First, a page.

It took two British citizens, with brazen acts of biopiracy (the illegal or unethical removal of native wildlife), roughly fifty years to destroy the economy of Brazil in the mid to late 19th century.
The British Empire during the Victorian Age was far-flung. British colonials dwelled on all continents, except Antarctica. The Empire’s need for specific resources led to two very lucrative acts of biological theft from Brazil.
Britain had many colonies in malarial zones throughout the world, and its subjects were susceptible to malaria and related diseases. Globally, these two illnesses accounted for hundreds of thousands of deaths annually. The Empire's need for quinine, the only known remedy for both yellow fever and malaria, spurred the first notable case of plant smuggling. The primary source for quinine at the time was the bark of the evergreen cinchona tree, which only grew in the Amazon rain forest. Brazil parsed this product to the global market, but made no effort to cultivate the cinchona, simply harvesting the bark as it was found in the wild.
In 1860, Clements Markham (later, Sir Clements Markham), a British adventurer and later president of the Royal Geographical Society, succeeded in smuggling cinchona seeds from Amazonia. The seeds were then planted in Britain’s tropical holdings in the West Indies, India, and the Malay Peninsula. The resultant plantings led to British, and world, independence from Brazil’s monopoly on this life-saving medicine.
As with cinchona, the hevea brasiliensis tree (the source for the best-grade rubber globally) was merely tapped for latex and not cultivated in South America. The Brazilians believed there was no need to cultivate the tree – the forest would provide, as it held millions of trees. And, as with the cinchona tree, Brazil had a monopoly onCredit: British Museum rubber production globally. However, the Brazilians rightly remembered the lessons learned from the cinchona seed removal of recent years and attempted to maintain a tight control on the seeds and seedlings of hevea.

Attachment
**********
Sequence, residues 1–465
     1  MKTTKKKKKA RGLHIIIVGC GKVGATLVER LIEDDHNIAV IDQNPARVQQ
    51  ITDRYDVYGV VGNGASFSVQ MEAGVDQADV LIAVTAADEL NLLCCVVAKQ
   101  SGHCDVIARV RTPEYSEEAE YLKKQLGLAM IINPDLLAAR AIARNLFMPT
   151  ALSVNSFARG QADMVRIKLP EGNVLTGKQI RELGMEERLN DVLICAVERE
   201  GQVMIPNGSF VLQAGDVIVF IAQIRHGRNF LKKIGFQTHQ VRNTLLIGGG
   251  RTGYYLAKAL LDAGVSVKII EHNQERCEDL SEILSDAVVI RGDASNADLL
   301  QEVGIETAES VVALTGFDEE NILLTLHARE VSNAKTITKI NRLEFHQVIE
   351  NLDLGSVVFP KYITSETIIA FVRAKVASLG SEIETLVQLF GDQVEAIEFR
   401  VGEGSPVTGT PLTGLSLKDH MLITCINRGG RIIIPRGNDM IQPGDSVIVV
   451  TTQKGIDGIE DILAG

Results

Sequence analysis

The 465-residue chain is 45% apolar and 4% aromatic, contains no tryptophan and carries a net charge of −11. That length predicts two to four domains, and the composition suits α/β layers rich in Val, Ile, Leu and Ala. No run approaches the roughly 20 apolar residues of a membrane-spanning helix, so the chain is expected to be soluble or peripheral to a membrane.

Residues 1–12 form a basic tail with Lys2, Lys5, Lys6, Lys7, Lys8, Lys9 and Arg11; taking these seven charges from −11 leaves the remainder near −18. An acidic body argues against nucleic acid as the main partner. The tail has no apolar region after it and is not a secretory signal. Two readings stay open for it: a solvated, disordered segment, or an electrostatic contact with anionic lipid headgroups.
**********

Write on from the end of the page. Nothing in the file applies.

In 1876, despite the Brazilians’ restrictions and oversight, Henry Wickham (later, Sir Henry Wickham), another British adventurer, sought and smuggled roughly 70,000 hevea seeds from the Amazon region. These seeds were then transported and planted in both India and the Malay Peninsula. Britain’s coffers, over the next three decades, would overflow with money from rubber. By 1913, Brazil, once producing 100% of the world’s rubber, was producing only 55% of it. That was further reduced to roughly 6% by 1922.
These are but two instances wherein biopiracy resulted in financial disaster for the host country. Other issues arise, albeit unintentionally at times, when “nuisance” species are introduced to new areas (kudzu, Burmese pythons, and Asian carp, just to name a few). Such indigenous-species transplanting, overseen by an international counsel, could make sure that the “host” country also receives a fair share of profits resulting from global exploitation of its native flora.
Whoops, there goes another rubber tree plant
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